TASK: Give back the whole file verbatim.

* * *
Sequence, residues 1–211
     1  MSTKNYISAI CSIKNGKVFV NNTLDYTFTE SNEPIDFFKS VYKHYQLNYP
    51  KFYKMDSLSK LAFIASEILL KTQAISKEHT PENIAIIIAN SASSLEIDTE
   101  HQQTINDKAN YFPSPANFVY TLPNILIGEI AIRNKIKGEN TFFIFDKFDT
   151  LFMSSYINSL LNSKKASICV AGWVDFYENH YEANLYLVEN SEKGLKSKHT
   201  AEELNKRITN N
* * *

Sequence, residues 1–211
     1  MSTKNYISAI CSIKNGKVFV NNTLDYTFTE SNEPIDFFKS VYKHYQLNYP
    51  KFYKMDSLSK LAFIASEILL KTQAISKEHT PENIAIIIAN SASSLEIDTE
   101  HQQTINDKAN YFPSPANFVY TLPNILIGEI AIRNKIKGEN TFFIFDKFDT
   151  LFMSSYINSL LNSKKASICV AGWVDFYENH YEANLYLVEN SEKGLKSKHT
   201  AEELNKRITN N